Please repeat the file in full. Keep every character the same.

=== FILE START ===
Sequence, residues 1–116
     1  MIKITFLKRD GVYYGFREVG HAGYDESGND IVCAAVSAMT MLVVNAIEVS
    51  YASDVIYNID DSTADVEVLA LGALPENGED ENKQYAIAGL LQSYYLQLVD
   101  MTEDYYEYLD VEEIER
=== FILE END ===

Sequence, residues 1–116
     1  MIKITFLKRD GVYYGFREVG HAGYDESGND IVCAAVSAMT MLVVNAIEVS
    51  YASDVIYNID DSTADVEVLA LGALPENGED ENKQYAIAGL LQSYYLQLVD
   101  MTEDYYEYLD VEEIER